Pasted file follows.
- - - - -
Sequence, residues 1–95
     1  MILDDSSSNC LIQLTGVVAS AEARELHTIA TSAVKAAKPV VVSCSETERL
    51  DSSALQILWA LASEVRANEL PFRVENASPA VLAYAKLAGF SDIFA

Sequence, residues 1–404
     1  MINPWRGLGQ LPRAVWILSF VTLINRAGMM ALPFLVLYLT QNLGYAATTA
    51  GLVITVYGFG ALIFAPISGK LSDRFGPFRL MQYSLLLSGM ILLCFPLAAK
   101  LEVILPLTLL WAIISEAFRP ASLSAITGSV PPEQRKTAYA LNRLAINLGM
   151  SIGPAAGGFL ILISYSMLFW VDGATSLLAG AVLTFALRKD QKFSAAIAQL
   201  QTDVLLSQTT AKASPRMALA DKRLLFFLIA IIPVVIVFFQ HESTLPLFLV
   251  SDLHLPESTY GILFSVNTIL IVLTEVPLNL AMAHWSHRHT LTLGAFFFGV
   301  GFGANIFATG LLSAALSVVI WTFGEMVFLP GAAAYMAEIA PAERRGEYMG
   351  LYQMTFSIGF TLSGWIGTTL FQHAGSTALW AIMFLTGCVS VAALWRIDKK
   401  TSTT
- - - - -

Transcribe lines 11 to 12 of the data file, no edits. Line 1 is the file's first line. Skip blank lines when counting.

   301  GFGANIFATG LLSAALSVVI WTFGEMVFLP GAAAYMAEIA PAERRGEYMG
   351  LYQMTFSIGF TLSGWIGTTL FQHAGSTALW AIMFLTGCVS VAALWRIDKK